Ferrous Scrap Prices Move Lower in February

Written by Tim Triplett

Ferrous scrap prices for February are down around $20-30/GT for obsolete grades and $10-20/GT for prime grades, report Steel Market Update sources, adding to the downward pressure already being felt on finished steel prices.

“This price trend is in line with the 10-year average price movement for February,” said CRU Senior Analyst Ryan McKinley. “Buying programs are generally weaker m/m given that February is the shortest month of the year, but this year downward price pressure has been driven by supply. Winter has been mild throughout much of the country, which has both helped scrap collection and delivery rates to mills. Moreover, a price decline in the export market helped draw scrap inland and put yet more supply onto the market.”

As the market increased by $39/GT for the January domestic buy, many dealers sold a great deal of material, and with mild winter weather had little trouble shipping it. The mills are flush with scrap now, so the price had to drop, said one scrap executive. It is uncertain how long this downturn will last, but with flows reportedly good in the middle of winter, it should mitigate the seasonal increase in supply during “spring clean-up” in late March and April. With mill capacity usage solidly in the low 80’s, demand could eventually pull the market upwards. In short, scrap prices won’t stay down long term, he said.

“February ferrous grades traded lower than January as they normally do this time of the year, largely due to mills overbuying scrap in January, and February being a shorter month,” said another scrap exec. “This year, in many parts of the country, we saw a more pronounced downward move than some were expecting, and in other parts a downward move that left some wondering why it was not stronger.”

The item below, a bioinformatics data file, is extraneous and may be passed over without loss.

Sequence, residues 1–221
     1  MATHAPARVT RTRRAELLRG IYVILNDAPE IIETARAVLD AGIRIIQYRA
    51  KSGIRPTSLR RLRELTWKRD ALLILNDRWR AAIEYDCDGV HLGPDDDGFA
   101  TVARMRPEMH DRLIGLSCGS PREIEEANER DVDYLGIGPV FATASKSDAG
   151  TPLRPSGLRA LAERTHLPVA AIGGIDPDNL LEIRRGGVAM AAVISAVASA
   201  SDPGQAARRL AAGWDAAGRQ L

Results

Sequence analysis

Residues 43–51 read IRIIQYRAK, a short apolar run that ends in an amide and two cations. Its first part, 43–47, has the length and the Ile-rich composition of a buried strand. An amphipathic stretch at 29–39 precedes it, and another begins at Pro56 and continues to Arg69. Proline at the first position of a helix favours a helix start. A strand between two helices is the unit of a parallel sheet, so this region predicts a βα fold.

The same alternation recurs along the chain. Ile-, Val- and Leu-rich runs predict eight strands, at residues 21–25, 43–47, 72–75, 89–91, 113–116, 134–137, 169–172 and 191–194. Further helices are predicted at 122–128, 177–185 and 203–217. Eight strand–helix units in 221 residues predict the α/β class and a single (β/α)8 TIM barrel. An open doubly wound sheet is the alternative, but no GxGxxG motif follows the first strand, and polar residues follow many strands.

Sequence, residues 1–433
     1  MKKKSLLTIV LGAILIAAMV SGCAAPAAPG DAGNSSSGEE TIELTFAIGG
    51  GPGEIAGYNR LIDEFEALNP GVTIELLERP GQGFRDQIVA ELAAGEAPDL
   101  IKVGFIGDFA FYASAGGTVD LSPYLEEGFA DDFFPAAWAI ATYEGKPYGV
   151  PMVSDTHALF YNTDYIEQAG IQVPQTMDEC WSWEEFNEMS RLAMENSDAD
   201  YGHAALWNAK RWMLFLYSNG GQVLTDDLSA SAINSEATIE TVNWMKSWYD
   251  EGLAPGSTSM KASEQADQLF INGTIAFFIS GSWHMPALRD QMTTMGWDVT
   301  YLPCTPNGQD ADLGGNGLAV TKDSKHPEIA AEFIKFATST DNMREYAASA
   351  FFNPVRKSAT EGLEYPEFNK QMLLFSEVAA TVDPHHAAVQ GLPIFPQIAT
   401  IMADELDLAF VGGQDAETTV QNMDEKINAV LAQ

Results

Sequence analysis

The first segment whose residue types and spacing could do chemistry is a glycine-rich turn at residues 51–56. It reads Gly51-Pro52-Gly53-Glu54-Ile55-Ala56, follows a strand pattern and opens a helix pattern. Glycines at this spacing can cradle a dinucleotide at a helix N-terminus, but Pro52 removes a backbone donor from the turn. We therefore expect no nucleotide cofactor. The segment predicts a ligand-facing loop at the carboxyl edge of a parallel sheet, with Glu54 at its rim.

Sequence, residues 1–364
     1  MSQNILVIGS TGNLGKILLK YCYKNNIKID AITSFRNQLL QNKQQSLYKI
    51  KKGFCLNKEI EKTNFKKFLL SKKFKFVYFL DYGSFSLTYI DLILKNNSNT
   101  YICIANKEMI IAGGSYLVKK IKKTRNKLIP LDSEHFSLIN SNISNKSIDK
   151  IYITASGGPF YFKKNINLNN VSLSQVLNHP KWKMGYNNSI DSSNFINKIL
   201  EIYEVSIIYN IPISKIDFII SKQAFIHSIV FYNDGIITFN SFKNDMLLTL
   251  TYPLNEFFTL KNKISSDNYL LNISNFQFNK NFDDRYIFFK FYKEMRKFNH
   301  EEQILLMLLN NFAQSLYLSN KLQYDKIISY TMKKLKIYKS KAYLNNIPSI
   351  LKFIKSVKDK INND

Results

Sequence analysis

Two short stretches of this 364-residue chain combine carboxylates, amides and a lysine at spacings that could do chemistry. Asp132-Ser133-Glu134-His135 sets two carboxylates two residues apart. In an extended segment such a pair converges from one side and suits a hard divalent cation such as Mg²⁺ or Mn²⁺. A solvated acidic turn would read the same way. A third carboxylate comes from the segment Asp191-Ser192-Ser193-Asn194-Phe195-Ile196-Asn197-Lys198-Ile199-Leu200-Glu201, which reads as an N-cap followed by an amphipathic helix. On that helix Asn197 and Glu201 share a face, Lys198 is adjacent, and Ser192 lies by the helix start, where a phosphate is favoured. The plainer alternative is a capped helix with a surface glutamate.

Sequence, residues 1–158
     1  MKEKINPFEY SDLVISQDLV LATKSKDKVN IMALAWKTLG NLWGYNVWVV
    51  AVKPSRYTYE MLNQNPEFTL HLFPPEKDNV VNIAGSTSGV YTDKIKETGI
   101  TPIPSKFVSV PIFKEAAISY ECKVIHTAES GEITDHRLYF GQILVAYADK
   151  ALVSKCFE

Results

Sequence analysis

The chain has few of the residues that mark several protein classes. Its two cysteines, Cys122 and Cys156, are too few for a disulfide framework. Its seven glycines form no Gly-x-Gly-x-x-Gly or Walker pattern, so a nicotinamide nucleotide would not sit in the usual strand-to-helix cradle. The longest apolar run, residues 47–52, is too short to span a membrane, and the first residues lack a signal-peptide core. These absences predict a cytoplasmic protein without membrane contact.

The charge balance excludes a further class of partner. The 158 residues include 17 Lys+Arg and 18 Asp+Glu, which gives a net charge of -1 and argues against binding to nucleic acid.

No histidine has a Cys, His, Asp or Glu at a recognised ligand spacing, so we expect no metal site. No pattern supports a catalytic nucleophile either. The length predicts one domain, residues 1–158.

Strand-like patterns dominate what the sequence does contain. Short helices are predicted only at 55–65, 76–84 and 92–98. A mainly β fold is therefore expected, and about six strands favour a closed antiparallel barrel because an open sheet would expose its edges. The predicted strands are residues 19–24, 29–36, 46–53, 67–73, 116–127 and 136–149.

He reported that East Coast and Southeast obsolete grades traded lower by $30. Further west into Ohio and the Midwest, obsolete grades traded $20 lower, while prime grades traded $10-15 lower. Midwest shred was around $280/GT as a barometer. Weakness near the coast and down south was due to particular weakness in the export market where 80/20 prices for U.S. scrap have fallen to $260/MT CIF Turkey, down more than $40 since the beginning of the year. “Rebar sales out of Turkey are a real struggle, and prices for rebar FOB Turkey have fallen to as low as $415,” he said.

“It’s no surprise that Turkish rebar mills have pushed scrap import prices down this much. The margin between their scrap buying and rebar sale prices has resulted in a serious squeeze on their profitability,” said McKinley. “With scrap now falling, Turkish mills have become more competitive and have been able to secure more rebar deals. Recently, in fact, there was about 45kt of rebar booked out of Turkey heading to the U.S., which should arrive at an average price of $615-620/ metric ton CFR Houston (duty paid). Those cargos should ship in February or early March.”

Looking forward, U.S. demand should stay relatively healthy into March as construction season will begin to impact steel demand, said another source. “At some point, we will have clarity on the Chinese virus, which has slowed down commerce there causing steel inventories to increase over the last several weeks despite some production curtailments. I anticipate that March will generally trade sideways unless export demand returns before the beginning of next month. If ferrous scrap prices don’t rise in March, I expect some improvement into April.”

Scrap price movements in the past few months have mostly followed their 10-year average. In that sense, the scrap market looks much more “normal” than it was this time last year, added McKinley. “Assuming this continues, March should trade $10-20 higher than February—but it is far too early to tell what will happen.”

Pig Iron Market

Commented another source: “Busheling is only down $10/GT, so apparently supplies are a concern to the mills. This should steady pig iron prices, which were forecast to drop. Pig iron prices have only come off about $3-5/MT from their highs. The latest Russian cargo netted the producer $348/MT CFR NOLA. That’s not much of a drop. It is worth waiting, however, to see what the Chinese appetite will be for pig iron as they slowly return from Lunar New Year. If they still have to same demand in place, pig iron prices are going nowhere but sideways to possibly up this year.”

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